Working Capital

Keeping Your Business On The Right Track

A business plan is a roadmap that sets out your route for the development of your business. It doesn’t tell you just about the current state of the business, its strengths and its weaknesses, it will also show up the opportunities and what needs to be done to stay ahead of the competition.

You might think you know all this now and don’t have to write it down. But what if something happened to you and someone else had to take over the operation? What would they need to know so it was still there and profitable when you returned? This is the kind of information contained in your business plan and its good insurance against the unknown.

It clarifies your objectives

What are your goals? These will be in your business plan, the original goals you had plus any additional objectives that arise in the course of business. Your business plan spells out the goals and shows the milestones along the way that tell you how close you are to achieving them. Goals are flexible and can be as varied as achieving a certain level of turnover or simply acquiring new customers. It’s important, however, that each is presented in the same way – as a target with milestones or indicators that will let you measure how near you are to achieving it.

Protecting Your Most Important Assets. Your Intellectual Property Rights.

When you think about protecting company assets, several things probably come straight to mind, such as land, buildings, machinery, inventory and vehicles. In many instances companies overlook their intellectual property (IP), which can be one of their most valuable assets. By understanding the different types of intellectual property and how they can be protected against infringement you can help your business stay ahead of the competition.

Your business 'intellectual property' can include:

Ten Cash Flow Tips

1. Know your business’ balance sheet thoroughly.

This may sound obvious, but, as your accountant can confirm, many business people don’t know how cash flow works and its significance to keeping their operation afloat. Many owners focus on their business’ profit and loss statement alone. It’s a potentially fatal mistake because healthy profits can mask an impending cash flow crisis. Profit and loss statements don’t usually contain the information required to make an adequate cash flow projection. For that, you’re going to need a structured balance sheet that includes all the influencing factors including debts, interest payments, inventory and so on. This is the basis for your cash flow projection which represents an “educated guess” at the likely incomings and outgoings over the period of time you have selected to map out.

Cash Flow Quickeners

Cash flow is often called "the lifeblood of a business," and for several good reasons. But the flow of cash into most businesses is uneven and there can be times when a constrained cash flow creates serious problems, even if the long term situation is positive.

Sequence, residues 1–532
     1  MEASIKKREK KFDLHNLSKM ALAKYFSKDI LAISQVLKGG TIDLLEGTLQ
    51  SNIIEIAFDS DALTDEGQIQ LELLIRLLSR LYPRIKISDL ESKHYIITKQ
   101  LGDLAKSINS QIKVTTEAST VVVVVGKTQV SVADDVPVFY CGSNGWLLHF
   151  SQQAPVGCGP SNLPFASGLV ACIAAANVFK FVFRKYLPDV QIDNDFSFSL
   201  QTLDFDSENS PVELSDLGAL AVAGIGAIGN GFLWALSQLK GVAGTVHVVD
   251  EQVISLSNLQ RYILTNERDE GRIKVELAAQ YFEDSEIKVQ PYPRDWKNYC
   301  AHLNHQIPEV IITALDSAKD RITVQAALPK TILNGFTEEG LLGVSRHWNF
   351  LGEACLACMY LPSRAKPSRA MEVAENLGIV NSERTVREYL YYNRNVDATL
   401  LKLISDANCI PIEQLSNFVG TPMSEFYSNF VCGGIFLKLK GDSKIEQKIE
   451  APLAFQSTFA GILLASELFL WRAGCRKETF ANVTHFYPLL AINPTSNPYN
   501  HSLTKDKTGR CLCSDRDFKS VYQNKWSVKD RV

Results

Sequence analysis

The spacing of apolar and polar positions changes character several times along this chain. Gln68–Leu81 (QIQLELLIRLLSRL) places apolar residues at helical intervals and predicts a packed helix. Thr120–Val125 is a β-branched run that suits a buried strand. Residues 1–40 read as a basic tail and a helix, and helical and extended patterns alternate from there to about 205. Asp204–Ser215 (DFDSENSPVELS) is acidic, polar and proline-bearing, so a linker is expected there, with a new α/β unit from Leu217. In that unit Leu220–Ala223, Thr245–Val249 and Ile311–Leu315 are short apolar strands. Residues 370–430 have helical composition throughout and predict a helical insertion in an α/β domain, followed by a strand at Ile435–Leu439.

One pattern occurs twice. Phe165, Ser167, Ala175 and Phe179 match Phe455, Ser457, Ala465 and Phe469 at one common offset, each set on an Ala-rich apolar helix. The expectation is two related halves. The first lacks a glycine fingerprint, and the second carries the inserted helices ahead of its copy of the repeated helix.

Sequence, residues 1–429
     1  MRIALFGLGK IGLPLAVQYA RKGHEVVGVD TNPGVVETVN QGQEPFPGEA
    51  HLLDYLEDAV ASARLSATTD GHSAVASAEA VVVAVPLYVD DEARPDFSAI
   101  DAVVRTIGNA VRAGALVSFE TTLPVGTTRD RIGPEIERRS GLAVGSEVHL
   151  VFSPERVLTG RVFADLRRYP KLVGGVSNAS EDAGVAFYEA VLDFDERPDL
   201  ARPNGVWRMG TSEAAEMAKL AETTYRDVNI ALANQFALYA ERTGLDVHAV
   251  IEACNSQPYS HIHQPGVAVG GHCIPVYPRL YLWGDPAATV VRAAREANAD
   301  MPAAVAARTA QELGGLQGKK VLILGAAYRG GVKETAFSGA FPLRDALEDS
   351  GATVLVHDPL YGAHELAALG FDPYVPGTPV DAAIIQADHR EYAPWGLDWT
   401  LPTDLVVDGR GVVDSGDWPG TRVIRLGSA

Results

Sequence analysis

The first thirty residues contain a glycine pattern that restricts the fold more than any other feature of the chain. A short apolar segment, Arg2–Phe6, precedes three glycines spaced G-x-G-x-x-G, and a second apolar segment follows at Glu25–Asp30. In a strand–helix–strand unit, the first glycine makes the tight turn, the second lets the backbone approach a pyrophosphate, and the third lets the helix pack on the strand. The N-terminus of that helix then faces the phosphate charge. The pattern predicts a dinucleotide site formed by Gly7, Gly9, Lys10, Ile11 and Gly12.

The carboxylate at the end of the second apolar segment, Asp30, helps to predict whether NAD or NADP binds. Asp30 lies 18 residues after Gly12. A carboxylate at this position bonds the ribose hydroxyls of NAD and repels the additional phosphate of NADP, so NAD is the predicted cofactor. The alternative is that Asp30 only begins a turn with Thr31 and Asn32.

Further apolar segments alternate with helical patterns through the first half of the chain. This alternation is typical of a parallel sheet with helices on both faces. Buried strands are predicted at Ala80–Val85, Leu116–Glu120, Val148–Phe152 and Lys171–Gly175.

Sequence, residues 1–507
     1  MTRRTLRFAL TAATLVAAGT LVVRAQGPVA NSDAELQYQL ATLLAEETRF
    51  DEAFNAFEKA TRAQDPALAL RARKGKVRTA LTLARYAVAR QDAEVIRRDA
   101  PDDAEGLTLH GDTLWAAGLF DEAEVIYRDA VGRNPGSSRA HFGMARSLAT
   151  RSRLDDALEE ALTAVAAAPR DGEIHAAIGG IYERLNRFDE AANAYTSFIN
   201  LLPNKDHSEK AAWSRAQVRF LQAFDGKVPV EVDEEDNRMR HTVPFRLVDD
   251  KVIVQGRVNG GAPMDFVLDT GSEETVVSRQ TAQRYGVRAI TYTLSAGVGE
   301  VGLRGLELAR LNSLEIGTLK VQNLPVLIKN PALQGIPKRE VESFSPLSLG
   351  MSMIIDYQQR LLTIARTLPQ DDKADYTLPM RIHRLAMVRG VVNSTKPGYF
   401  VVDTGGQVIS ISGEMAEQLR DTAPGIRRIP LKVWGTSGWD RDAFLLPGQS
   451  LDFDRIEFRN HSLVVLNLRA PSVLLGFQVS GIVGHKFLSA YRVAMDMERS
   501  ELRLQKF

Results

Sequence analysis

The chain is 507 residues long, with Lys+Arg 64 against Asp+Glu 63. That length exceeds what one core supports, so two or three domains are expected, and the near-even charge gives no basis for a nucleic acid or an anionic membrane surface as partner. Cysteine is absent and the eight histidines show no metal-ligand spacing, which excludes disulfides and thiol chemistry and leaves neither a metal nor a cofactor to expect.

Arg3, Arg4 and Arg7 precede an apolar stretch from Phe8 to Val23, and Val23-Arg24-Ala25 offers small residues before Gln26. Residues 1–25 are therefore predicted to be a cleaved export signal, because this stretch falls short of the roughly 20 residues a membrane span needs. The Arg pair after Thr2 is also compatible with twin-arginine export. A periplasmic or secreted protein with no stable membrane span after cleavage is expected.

There are, however, ways to improve the cash flow of any small business and remove some of the worries about bills not being paid or not having enough on hand to pay wages. These mainly involve no more than adjustments to what you're already doing and so aren't difficult to implement.

Keep inventories as low as possible

Inventories are expensive in many ways. There's the interest paid on money borrowed to acquire items that are awaiting sale. There are also the costs for storage space and handling, as well as insurance expenses and the "opportunity cost" of what money spent on inventory could be earning elsewhere. In some cases, inventories are so badly managed that much of the material becomes obsolete before it can be sold.

Why More Businesses Are Turning To Online Training

As more people turn to the internet for news, entertainment and social interaction, online training, also known as e-learning, is being chosen by more businesses to deliver the knowledge their employees need to achieve organizational goals. With many benefits to both a business and its employees, it’s easy to understand why e-learning continues to grow in popularity.

Benefits to the organization

Lower cost. Research has shown that e-learning is 40-60% less expensive than classroom learning. When employees learn online there are no instructor fees, room costs, and travel and meal expenses. For general knowledge, there are many “off-the-shelf” solutions that are very cost-effective, while customized e-learning programs are often more economical than in-class training.

Consistency. For companies with many locations, employees may receive inconsistent training content delivered with variable effectiveness depending on their particular instructor’s knowledge, interests and capabilities. The standardization of e-learning alleviates these issues.

Being Smart About Business Loans

Most businesses operate to some extent on borrowed money, but borrowing too much means you’re paying more in interest than you need to. Borrowing too little means you’re under financed and won’t have enough capital to accomplish what you want to do. That’s why you have to work out, as near as possible, just how much money you will really need, and when you’ll need it, before you talk to anyone about borrowing funds for your business. And of course you’ll also have to work out how to repay what you’re borrowing. Here’s a process for estimating your borrowing requirements.

Check your business plan

Start by taking a good look at your business plan. It should be an overall guide to both the amount you need to borrow and to the times when funds will be needed. And if you don’t have a business plan that tells you this kind of information, create one before going any further.